SHE’S Ireland’s first official silver surfer, a netizen of considerable skills, whose talented use of emerging technologies belies her advanced years.
She’s 95-year-old Marguerite Faulkner, grandmother and great grandmother, surfer, sender of emails, Skyper extraordinaire and winner of the Silver Surfer of the Year Award, presented to her yesterday at the IMAGINE IT! conference, a celebration of older people and information technology organised by Age Action as part of Positive Ageing Week.
No stranger to challenges, the Tyrone woman’s early working life was spent in Stormont Castle, working in the Cabinet offices during the tenure of John Andrews, Northern Ireland’s second prime minister, until forced to retire under the civil service marriage ban.
She then turned her talents to the long-established family business she married into, Faulkners, which dealt in china, glass and electrical goods.
“I did a bit of everything, managing, the books. I like meeting people, I like keeping myself as active as possible,” the Tyrone woman said.
Her life took an interesting turn when her family presented her with a computer eight years ago as a Christmas present.
“It’s not a laptop, it’s a big computer with all the gadgets that go with it. I took a few classes to find out more about it and then I did a good bit of study on my own. You can learn quite a lot,” Marguerite said.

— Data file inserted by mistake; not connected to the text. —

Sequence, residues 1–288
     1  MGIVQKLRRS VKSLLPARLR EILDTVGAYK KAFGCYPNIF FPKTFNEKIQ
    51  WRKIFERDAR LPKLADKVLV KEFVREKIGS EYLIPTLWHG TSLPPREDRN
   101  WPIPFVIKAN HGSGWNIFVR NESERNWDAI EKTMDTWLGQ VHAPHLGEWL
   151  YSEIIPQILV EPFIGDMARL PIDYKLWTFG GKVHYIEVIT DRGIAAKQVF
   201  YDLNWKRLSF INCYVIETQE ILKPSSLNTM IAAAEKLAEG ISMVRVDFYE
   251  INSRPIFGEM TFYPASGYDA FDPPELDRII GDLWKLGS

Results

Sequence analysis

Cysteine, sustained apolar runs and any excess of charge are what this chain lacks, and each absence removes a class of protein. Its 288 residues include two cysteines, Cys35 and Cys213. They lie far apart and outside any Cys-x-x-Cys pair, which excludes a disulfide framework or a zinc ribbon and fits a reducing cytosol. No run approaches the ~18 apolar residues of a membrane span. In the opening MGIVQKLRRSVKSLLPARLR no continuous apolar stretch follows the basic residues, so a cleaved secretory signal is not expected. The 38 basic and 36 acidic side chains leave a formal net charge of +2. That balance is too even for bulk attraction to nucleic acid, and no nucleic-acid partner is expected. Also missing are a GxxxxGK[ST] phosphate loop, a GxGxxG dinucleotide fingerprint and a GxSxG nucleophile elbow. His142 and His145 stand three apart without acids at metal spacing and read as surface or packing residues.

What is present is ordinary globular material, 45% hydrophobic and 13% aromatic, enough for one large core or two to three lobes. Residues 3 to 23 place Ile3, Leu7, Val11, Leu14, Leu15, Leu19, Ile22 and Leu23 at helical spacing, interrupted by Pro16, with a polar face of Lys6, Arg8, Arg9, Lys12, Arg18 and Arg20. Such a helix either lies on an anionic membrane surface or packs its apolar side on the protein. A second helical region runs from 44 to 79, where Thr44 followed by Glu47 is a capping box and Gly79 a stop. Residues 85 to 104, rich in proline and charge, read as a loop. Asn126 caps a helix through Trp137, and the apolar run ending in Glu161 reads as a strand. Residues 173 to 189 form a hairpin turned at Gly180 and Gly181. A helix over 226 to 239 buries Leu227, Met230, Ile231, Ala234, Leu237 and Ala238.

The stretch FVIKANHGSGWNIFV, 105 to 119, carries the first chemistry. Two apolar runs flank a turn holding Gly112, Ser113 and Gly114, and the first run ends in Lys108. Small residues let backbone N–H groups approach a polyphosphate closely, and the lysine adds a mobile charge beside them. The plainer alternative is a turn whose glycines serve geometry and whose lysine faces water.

Marguerite now uses her computer to Skype her granddaughter in Singapore and three other grandchildren in Britain, as well as friends in New Zealand.
In her almost century of living, she reckons the computer is the best technological advancement of her time.
“It really opens up the whole world to you. When I was born in 1914, there wasn’t even radio, I have come through a life of seeing all sorts of things, but the computer is probably the best. I love anything technological, I like the game Nintendo,” the indefatigable 95-year-old said.
Marguerite, who last year had her driving licence renewed for another three years, spent much of yesterday texting family and friends to share her delight at becoming the country’s first silver surfer. It was also her wedding anniversary, although sadly, her husband Rankin, passed away 15 years ago. She celebrated in the Shelbourne before heading back to Cookstown last night.
Her advice to other silver surfers? “For goodness sake get a computer and get started, there’s nothing to it once you do. It takes a bit of time, but you will never be bored.”
Marguerite beat off competition from two other finalists – Mabel Gargan, 87, a self-taught computer user, and Tom Crotty, a 75-year-old who records his own songs using Garageband, a Mac editing software.
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